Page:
Shelter Notes Sharp Increase in Number of Motherless Kittens!

NEVADA – Liza was just about 10 days old when she was rescued from a storm drain.

The gray kitten’s eyes were extremely infected; by the time she made it to a veterinarian, her stubby claws bloody and raw from hanging onto drain’s metal gratings, she was declared blind. Rescued by a dog and a family who were just out for a walk, she never got to see the world.

After her health was more stabilized, the kitten was sent to Nevada Society for the Prevention of Cruelty to Animals, where she met her foster mom, Sonja Wiker.

The kitten tumbled off the sofa as Wiker was watching Liza Minnelli star in “Cabaret.” She hit the floor but gained a name.

The fall didn’t stop Liza from wandering either; neither does her blindness.

“Nobody told her she was blind,” the Las Vegas resident explained as she cradled Liza after bottle-feeding her. “She’s not afraid.”

Liza is one of the estimated 2,200 kittens which the Nevada Society for the Prevention of Cruelty to Animals, a local no-kill animal shelter, is expected to save by summer’s end.

Executive director Doug Duke explained that March through the end of September brings an influx of motherless kittens, the result of cat breeding season, warm weather and holidays.

“Truly, Fourth of July, there’s no other time like it. It’s just like a perfect storm between the fireworks and the pregnant animals on the streets,” he stated.

“When it was 250 (motherless kittens) through the spring and summer, we thought, ‘Well, it can’t get any worse than this.’”

However, it did. The week following the Fourth of July, Duke said the shelter was slammed with 168 motherless kittens. As of June 8, the shelter placed more than 300 kittens in foster care.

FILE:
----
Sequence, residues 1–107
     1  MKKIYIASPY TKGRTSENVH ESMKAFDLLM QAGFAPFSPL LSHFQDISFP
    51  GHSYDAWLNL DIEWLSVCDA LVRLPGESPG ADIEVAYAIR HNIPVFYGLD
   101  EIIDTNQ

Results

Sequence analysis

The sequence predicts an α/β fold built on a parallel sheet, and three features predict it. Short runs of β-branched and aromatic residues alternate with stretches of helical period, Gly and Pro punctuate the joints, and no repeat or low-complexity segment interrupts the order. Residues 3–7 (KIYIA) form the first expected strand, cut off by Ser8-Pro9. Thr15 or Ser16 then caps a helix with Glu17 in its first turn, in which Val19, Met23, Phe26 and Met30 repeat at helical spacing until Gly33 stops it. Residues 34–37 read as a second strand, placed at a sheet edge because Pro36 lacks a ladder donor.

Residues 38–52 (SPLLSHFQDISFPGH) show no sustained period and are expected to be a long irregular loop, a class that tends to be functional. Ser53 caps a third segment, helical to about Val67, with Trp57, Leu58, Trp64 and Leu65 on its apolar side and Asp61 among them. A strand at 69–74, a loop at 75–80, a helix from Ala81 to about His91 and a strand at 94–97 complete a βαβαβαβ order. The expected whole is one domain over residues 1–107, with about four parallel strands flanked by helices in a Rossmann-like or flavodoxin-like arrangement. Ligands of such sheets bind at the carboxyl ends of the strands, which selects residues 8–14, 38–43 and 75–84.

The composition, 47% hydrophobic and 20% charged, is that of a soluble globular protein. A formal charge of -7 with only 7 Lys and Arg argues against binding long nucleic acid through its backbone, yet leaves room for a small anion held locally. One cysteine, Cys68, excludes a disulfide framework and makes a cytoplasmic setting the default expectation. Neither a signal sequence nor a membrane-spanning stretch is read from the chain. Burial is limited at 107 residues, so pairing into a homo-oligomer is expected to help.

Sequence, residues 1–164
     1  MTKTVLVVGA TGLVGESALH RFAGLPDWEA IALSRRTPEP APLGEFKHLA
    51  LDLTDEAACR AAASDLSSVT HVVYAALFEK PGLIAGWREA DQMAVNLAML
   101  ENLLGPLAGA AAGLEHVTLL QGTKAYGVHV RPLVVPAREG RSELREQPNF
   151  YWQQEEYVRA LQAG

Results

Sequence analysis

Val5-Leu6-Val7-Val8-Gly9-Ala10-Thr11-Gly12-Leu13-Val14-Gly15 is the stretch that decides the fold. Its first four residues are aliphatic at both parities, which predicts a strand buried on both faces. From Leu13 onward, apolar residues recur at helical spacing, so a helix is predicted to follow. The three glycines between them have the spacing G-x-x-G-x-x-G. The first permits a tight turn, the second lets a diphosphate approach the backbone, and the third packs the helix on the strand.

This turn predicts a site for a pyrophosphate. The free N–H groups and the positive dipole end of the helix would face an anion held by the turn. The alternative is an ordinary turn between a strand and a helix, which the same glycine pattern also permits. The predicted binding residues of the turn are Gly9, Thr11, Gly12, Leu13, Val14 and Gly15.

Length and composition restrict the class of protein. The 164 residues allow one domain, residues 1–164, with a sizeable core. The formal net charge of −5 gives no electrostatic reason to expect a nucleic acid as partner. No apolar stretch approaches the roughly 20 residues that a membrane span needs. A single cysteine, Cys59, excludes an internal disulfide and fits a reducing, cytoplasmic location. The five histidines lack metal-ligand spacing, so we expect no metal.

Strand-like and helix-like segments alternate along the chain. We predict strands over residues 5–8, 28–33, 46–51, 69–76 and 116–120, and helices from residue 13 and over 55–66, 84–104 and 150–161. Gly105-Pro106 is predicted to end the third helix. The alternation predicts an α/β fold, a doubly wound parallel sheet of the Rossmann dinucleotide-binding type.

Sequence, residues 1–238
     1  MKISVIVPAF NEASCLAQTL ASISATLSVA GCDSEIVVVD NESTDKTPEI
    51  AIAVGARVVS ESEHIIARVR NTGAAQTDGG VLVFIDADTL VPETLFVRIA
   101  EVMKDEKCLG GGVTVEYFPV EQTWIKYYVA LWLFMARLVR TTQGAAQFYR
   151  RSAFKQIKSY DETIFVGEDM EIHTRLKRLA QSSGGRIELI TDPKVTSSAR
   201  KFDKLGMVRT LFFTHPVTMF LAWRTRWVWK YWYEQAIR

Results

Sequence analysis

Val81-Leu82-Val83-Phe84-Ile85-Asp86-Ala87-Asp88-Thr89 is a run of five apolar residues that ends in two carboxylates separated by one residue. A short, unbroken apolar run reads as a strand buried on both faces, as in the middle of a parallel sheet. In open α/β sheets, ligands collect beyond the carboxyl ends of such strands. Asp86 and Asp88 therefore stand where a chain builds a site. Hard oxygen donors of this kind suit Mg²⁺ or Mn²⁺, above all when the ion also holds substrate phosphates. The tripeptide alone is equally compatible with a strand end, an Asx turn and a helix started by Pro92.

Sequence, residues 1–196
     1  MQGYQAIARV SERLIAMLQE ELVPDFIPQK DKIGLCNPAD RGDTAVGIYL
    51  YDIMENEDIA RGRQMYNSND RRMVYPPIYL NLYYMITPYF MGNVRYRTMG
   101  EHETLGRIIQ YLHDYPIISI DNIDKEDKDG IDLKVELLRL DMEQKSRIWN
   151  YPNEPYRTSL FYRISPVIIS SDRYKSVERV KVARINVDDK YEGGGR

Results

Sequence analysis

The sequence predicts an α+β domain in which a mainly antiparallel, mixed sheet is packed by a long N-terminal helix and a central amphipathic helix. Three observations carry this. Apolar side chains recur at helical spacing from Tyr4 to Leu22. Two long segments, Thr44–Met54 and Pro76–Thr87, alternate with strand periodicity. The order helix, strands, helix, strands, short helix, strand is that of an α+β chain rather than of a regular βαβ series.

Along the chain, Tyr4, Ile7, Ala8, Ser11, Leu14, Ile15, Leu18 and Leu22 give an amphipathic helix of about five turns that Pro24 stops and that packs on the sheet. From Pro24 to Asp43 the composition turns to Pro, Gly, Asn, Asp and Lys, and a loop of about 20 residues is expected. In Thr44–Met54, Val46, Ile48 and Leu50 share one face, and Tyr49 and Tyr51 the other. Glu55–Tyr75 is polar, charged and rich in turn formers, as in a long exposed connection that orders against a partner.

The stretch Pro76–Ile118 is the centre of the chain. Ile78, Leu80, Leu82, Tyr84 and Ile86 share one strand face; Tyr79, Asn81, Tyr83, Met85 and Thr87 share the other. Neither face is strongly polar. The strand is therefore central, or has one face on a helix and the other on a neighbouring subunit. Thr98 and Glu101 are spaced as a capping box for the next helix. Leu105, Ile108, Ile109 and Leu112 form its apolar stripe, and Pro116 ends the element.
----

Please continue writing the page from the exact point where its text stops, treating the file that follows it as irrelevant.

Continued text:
Shrieking bottle rockets and exploding cherry bombs in backyards can scare mother cats or their newborn litters, causing them to flee and separate, he explained.

Suddenly abandoned, the kittens end up just wandering the streets, said Janean Sechrist, a volunteer. Summer storms don’t help much either, Sechrist noted; kittens often will float away in storm drains, as Liza did.

“We get all kinds of stories,” she went on to say, “but they survive.”

So far just this year, the shelter has taken in approximately 1,800 kittens from other shelters, organizations and the streets. Back in 2012, the shelter saw about 250 rescues. Because of its no-kill status, the Nevada SPCA,will help other organizations with overflow.

By taking in kittens at a rate of at least one dozen a day, the shelter knows it will see a 100 percent increase over 2015’s 1,100 kitten rescues, Duke stated. The cost to take care of each kitten is hard to pinpoint; it can vary depending on medical needs.

Duke also explained that the shelter is now building a strong network of foster families, which are needed for kittens to survive their first 12 weeks of life. That’s just when they need a home to get used to being around people.

Most of all, having foster families lets the shelter free some very much needed space for other incoming animals.

“In spite of the size of the building, there’s no way to take in hundreds of kittens all under one roof,” Duke stated. “But by people taking them home, more and more can be rescued.”

Duke said most of his hundreds of volunteers are active foster parents. Anyone with “a tender touch and a gentle voice” may become one, he said.

Animals in need always go home with various shelter volunteers, Duke said.

“Sometimes they know they’re taking babies who are very unlikely to survive,” he stated. “There’s a chance, though, so they take them.”

After just 12 weeks, the kittens are ready for spaying or neutering and adoption. About 15 percent of the time, kittens who are fostered will be adopted out by their foster family. Other times, shelter visitors may take them.

“They get adopted right there in the lobby and go home,” Duke stated.

For Wiker, fostering Liza means allowing the kitten crawl around and explore her surroundings, even if she stumbles a few times.

And even though little Liza can’t see what her future holds, she has the comfort of knowing that the Nevada SPCA will do their best to guide her to a forever home. And hopefully, that will be enough.